“Beauty of whatever kind, in its supreme development, invariably excites the sensitive soul to tears.”
– Edgar Allen Poe
There must have been, at some point or other, an experience in your life in which you were moved to tears, or were gripped by an overwhelming need to bury your head somewhere and cry. Not out of compassion or grief or, conversely, relief; nor as a result of recalling a memory, but simply as a result of a pure sensory experience whose impact was so immediate, so raw and unforced, that your reaction was derived from a source that no rational part of your brain could effectively compete with. And that source, I’d like to believe, is the encounter with Beauty.
To be open to this encounter is a gift by default. But the great tragedy of human experience is that all too often, at times unknowingly, we are forced to shut the door on possibilities which allow this encounter to occur; we are distracted and convinced that we have no time for it; that in today’s day and age, the search for Beauty is a lost battle, perhaps selfish even, as a naive attempt to distract oneself from the harshness and “true ugliness” of reality. But Beauty is not necessarily goodness, as it permeates all, even the darkest corners of our daily experience. Rather, “the world in which we live needs beauty in order not to sink in despair” (Pontifical Council for Council, “Via pulchritudinis”, II.3, 2006).
The mission of Pietre Vive, an international community of lay (and not) Ignatian youths, is to assist people, often unknown strangers, in rediscovering a part of this Beauty through the works of art and icons that “decorate” our churches. Its mission departs from the idea that the image has an innate capacity to transcend borders, be them of time, of space, of belief, of language and culture. It even transcends the realm of what can be seen. Much of our experience of the world is, in fact, related to the kind of images we are fed. It is how we make sense of the world in our search of something that is true, because abstract thought alone cannot satisfy us in the same way than an image, or a sound or a taste can. And words can only but be comparative, a cerebral attempt, in evoking the same experience on encountering, say, the infinite view of the sea, sky and ocean; or the harmonic stillness when diving underwater, or the radiating brilliance of the sun, filtering through leaves in a forest, or even the taste of chocolate.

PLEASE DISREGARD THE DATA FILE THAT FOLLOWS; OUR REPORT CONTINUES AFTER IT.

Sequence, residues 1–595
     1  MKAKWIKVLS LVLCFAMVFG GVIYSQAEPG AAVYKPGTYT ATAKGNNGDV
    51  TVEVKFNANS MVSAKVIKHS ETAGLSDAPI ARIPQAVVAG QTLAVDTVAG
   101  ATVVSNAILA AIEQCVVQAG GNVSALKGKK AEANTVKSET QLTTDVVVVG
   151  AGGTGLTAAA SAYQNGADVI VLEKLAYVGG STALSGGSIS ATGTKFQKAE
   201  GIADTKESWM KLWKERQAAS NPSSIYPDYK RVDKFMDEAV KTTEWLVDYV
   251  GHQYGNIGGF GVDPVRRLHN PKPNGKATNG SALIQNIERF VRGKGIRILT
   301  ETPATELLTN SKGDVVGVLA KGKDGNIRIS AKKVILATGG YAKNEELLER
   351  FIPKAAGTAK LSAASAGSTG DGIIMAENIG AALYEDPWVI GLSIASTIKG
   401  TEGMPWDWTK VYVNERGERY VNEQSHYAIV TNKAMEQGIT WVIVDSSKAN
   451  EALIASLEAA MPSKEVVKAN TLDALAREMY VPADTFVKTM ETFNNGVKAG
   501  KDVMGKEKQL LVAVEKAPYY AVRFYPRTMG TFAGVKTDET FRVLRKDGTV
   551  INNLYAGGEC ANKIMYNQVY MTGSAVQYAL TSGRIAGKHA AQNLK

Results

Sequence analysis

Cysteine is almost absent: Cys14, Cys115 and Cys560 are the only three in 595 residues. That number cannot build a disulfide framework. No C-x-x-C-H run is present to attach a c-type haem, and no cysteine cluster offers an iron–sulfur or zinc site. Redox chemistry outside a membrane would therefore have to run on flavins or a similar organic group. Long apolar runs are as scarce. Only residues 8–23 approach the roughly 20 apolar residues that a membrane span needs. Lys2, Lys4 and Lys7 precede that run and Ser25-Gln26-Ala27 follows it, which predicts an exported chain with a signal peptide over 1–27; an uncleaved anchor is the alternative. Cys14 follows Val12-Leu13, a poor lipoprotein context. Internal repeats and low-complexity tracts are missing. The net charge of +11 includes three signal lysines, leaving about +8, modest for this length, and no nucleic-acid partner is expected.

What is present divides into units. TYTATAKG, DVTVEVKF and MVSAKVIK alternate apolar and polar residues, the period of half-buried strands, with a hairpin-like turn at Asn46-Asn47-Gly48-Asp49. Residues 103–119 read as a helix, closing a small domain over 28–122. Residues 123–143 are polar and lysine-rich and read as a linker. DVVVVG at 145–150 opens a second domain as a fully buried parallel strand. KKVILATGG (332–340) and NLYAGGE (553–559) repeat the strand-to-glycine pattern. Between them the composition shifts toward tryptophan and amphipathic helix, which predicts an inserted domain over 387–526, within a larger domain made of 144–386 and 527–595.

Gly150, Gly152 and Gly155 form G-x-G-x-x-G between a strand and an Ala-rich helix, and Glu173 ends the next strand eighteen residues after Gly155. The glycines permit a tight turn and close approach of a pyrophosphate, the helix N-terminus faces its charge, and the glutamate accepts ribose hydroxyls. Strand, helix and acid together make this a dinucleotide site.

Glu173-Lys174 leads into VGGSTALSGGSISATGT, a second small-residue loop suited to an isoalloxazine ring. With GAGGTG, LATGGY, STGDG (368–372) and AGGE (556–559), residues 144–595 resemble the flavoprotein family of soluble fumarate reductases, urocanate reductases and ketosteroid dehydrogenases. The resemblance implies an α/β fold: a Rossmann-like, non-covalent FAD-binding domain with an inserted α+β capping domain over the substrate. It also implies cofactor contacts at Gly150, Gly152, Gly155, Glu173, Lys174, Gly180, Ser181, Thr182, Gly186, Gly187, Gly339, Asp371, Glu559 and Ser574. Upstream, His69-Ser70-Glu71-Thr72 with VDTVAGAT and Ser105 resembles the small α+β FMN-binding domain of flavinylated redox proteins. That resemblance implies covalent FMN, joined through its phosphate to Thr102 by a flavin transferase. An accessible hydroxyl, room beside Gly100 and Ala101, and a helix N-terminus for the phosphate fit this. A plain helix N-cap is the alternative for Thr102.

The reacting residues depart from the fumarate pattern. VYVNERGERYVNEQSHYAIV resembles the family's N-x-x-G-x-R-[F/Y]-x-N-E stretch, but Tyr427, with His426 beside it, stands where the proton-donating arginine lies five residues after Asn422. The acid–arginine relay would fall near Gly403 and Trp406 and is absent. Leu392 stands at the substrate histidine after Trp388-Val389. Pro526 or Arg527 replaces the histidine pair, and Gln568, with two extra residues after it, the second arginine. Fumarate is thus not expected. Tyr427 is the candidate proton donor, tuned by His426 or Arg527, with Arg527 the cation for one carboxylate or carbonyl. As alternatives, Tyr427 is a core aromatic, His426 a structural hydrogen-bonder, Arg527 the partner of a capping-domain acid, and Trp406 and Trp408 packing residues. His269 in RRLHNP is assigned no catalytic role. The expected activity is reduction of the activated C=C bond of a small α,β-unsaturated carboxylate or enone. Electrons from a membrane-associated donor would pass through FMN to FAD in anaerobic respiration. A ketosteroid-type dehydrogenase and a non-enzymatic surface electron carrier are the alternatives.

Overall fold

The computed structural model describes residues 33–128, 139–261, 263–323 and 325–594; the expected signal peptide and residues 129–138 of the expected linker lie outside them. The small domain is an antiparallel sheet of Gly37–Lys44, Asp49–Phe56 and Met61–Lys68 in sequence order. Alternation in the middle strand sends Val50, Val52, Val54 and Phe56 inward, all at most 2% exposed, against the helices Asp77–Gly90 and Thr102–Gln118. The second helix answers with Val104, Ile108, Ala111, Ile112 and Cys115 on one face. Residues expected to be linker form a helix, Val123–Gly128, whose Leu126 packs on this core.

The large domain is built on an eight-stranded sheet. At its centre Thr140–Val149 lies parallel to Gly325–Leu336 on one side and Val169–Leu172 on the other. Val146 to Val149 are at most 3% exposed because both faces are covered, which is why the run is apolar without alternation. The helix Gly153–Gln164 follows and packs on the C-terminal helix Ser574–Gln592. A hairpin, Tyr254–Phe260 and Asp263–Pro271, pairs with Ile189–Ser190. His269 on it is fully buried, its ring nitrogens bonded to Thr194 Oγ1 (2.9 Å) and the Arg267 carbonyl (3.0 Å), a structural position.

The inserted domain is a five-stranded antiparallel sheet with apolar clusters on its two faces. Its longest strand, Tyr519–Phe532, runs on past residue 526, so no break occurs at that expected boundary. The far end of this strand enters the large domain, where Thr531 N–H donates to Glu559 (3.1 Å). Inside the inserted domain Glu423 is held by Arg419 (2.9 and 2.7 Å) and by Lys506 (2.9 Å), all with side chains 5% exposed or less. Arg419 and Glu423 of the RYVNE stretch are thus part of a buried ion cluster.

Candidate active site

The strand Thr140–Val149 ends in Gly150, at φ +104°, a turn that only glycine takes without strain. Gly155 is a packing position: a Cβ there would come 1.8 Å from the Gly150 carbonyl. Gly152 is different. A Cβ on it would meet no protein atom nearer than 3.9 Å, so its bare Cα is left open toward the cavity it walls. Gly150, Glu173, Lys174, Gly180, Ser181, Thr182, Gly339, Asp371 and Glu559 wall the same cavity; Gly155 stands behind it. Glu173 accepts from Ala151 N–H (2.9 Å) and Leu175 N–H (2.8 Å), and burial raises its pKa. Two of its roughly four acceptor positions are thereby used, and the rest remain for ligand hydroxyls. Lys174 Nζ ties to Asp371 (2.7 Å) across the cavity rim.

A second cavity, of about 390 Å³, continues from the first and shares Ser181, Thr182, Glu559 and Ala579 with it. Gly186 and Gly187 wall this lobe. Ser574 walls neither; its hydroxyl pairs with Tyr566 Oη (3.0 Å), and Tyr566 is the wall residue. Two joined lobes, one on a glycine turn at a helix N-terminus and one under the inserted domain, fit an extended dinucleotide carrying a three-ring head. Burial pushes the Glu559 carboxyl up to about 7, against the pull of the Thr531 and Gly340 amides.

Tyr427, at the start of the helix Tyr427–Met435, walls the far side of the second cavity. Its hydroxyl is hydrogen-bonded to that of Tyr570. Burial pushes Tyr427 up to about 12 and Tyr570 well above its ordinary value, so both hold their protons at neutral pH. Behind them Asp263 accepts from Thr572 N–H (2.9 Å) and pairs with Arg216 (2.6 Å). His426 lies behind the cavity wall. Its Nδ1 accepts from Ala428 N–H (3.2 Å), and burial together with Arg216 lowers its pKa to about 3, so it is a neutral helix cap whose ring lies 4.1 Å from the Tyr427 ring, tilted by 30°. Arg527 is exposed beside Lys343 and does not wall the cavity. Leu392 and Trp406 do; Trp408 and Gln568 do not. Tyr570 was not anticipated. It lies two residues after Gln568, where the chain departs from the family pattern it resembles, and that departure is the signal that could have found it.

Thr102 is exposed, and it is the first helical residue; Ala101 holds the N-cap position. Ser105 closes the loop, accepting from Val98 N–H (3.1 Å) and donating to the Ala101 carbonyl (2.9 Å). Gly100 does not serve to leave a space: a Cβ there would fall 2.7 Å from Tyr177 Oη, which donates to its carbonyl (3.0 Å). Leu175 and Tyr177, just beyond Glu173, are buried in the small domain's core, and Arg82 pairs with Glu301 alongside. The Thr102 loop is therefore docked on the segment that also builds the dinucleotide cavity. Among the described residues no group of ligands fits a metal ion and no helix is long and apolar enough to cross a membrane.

“The eye is the lamp of the body. If your eyes are healthy, your whole body will be full of light.” (Matthew 6:22) We must incessantly set ourselves the challenge to gaze upon the world as if it were our first time – to look at the “good” and the “bad” through uncorrupted, unbiased and curious eyes, to train ourselves in patiently seeing again what we so often miss. Knowledge, therefore, is not a prerequisite to encounter Beauty. Rather, knowledge is a product and would only get in the way if it were to come before. The fear of being inadequate – of not knowing enough in order to speak about art, or a sculpture, or a building, or even about faith – is in fact, one of the main challenges that a new or even more experienced members of Pietre Vive, must face. I faced it too, and it bubbles and rises each time I stand at the door of the church, or at the feet of a new opportunity. Yet the fear will never be overcome by attempting to know more. Doubt will linger on. It can, however, be readily overcome through the power of your own eyes, with every realisation that you have encountered Beauty, or at least, glimpsed a part of it.
Giulia Privitelli, Pietre Vive Malta